My lungs now burned within my chest and I had a disgusting, mildly metallic while at the same time sour taste in my mouth and throat. Against better judgement I decided to run the last 20 meters or so at full speed and heard Antonia do likewise not far behind me. For a second I even believed to feel her fingertips brush against the back of my jacket before she fell a few meters behind again. I kept my eyes fixed sternly on the grass-covered ground and my blue trainers, which moved at a maddening pace.
The raging river that crossed the landscape like a fat, ashen snake was directly ahead of me. Throughout that rainy summer it had flooded its banks and now rushed through the mud-stained grass with untamed wildness.
I came to a most abrupt halt, stuck out my foot in a split second and the last thing I saw of Antonia Järvi was her stunned, little rat-face before the river swallowed her up whole.
The splash was of such intensity that my pants were completely soaked with water and their blue fabric now stuck to my skin like glue. Its noise had also startled a couple of birds out of a tree nearby and I let my gaze follow them until they were only four crowing and cawing black dots in the grey sky. As I tried to regain my breath I kept my eyes wide open for a sign of my "playmate", not that I was the least bit concerned for herwell-being. I was simply reluctant to end my game yet, it was too tempting to go look for her and become a witness of her misery and utter defeat! I just HAD to find her!
"Come out, Antonia! I know you're hi-ding!" I chimed mockingly as I waded through the knee-high grass. I looked below me to glance briefly at the new shoes daddy had just bought me a week ago but it was already too late. All I could see were two chunky, dirt-covered objects that had alarmingly little resemblance to shoes and dangled from my feet like two heavy rocks. After I quickly pulled them off my feet I threw them to the side along with my wet socks in a disinterested manner. I then proceeded to tread along what was left of the bank of the river with my bare feet and the total and complete absence of the fuck I probably should have given about it.
"Antonia? Antoniaaa!" I lilted in a teasing high-pitched voice and spun around as I heard her cough hoarsely somewhere near me.
"Oh, there you are!" I said with the fakest of smiles and approached her after I had spotted her crouching form a few meters ahead of me. She was more than eager to get away from me but didn't make it more than a meter or so before she erupted into yet another intense coughing fit, which forced her down on her hands and knees again. Apparently our little Antonia was not a water rat! Haha!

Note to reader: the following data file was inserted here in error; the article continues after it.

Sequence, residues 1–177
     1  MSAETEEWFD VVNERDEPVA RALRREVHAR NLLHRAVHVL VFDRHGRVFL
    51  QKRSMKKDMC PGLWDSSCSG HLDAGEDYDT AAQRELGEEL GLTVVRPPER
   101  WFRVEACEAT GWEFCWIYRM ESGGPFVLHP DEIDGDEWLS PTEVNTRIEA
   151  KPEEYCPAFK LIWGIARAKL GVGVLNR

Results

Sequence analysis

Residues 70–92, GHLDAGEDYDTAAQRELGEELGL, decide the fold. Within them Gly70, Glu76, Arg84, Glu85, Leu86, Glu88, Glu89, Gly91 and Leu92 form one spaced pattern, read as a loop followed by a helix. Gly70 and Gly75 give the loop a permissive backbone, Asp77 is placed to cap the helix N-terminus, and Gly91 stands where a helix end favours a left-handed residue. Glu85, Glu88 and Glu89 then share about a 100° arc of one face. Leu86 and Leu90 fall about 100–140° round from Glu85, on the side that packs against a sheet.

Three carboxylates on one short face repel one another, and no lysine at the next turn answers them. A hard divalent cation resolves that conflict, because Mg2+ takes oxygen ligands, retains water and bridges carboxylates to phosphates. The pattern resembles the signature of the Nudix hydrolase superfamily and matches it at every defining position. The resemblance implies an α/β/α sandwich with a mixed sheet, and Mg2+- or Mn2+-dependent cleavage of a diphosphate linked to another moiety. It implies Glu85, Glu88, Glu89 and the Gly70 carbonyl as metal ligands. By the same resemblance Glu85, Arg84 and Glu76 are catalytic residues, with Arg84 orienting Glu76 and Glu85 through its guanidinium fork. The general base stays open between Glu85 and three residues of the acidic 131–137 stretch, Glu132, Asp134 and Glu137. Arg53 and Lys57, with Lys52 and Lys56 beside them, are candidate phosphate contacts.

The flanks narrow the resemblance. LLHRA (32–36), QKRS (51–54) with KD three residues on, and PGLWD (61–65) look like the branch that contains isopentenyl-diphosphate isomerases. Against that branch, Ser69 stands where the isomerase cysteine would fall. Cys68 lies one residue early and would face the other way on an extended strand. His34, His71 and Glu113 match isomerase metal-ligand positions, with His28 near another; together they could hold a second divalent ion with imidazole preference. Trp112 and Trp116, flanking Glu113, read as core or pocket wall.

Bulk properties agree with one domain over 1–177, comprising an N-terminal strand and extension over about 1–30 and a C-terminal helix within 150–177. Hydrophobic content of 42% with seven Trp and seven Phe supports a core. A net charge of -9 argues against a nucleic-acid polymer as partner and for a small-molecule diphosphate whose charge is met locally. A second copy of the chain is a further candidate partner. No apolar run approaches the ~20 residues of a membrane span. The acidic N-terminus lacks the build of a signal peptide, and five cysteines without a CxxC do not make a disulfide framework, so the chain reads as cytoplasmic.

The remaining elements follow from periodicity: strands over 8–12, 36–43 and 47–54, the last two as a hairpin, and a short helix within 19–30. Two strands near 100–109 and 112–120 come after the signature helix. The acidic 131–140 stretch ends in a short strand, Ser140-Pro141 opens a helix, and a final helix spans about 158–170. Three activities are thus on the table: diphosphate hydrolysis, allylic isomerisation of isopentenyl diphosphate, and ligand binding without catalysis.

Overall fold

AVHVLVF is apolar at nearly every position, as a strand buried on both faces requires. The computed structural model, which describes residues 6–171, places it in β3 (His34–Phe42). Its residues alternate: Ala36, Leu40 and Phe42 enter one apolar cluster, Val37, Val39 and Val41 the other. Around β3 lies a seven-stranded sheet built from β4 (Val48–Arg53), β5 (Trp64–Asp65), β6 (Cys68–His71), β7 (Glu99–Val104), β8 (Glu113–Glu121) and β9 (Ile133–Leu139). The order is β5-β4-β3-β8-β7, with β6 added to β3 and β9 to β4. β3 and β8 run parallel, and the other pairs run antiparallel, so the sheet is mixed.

"Leave me alone!" she croaked out pathetically and wiped the stream of tears off her flushed, thin face.
"But I'm only trying to help," I replied in an innocent voice and crossed my hands over my heart. Antonia met my eyes with a look of unconcealed hostility and shook her head in a protesting manner as I extended my hand to her.
"No?" I asked as though I were offended and slowly withdrew my hand, "Why not?"
She just kept on shaking her head while her body was plagued by another coughing attack.
The smug grin that I had suppressed until then now appeared on my face as I towered above her with my hands clasped in expectancy.
For these few heavenly minutes I felt like I held her miserable life in the two small hands of mine. I had her exactly where and how I wanted to have her- at my feet, defenceless and vulnerable.
I turned up my nose and let my eyes slowly wander over Antonia's tousled, dripping wet hair and clothes that were now covered with a thick layer of grey mud and also smelled accordingly.
"Now that I look at you, I think I should give you another bath," I told her spitefully and crossed my arms over my chest.
"My Nan, she made that skirt for me," Antonia cried desperately and attempted to wipe some dirt of the wet rag, "she passed away last winter!" I shamelessly took pleasure in her despair and put my hand on her shoulder in a pretentiously comforting manner.
"Don't worry," I whispered cruelly into her ear, "it was ugly anyways!"
With this I had obviously hit a sore spot! Antonia's eyes began to flare with wild rage as she jumped to her feet and opened her mouth to yell at me. At this instant a distant noise struck my ears and I turned my head to see a lean figure walking toward the river from the forest. Syrah!
I was quick enough to slap my hand over Antonia's mouth and drag her to the ground with me before she could make a sound. She struggled furiously against my hands as I pinned her wrists down against the wet grass with one and covered her lips with the other.
"Come on now! Shut up!" I hissed intently and crawled on top of her to keep her in place.
"Leena! Antonia! WHERE ARE YOU? This isn't funny anymore!" Syrah's exhausted voice rung out and I ducked deeper into the reeds.
"Poor Syrah," I thought guiltily and unsuspectingly loosened my grip on rat-face below me. Instantly a pungent pain shot through my left hand as a set of sharp teeth sunk deep into its flesh. I let out an anguished shriek and tore my bleeding hand away from Antonia's 'fangs'.
Before I knew it she had pushed me off her and I collapsed in the grey, gooey mud with a loud splash that spattered sludge all over the plants nearby.
"Syrah! SYRAH! OVER HERE!" I heard Antonia yell, who had risen to her feet and now waved her hands over her head hectically.
"I can't see you! WHERE ARE YOU?" Syrah shouted back and I watched Antonia hop around on the ground ever so franticly out of the corner of my eye.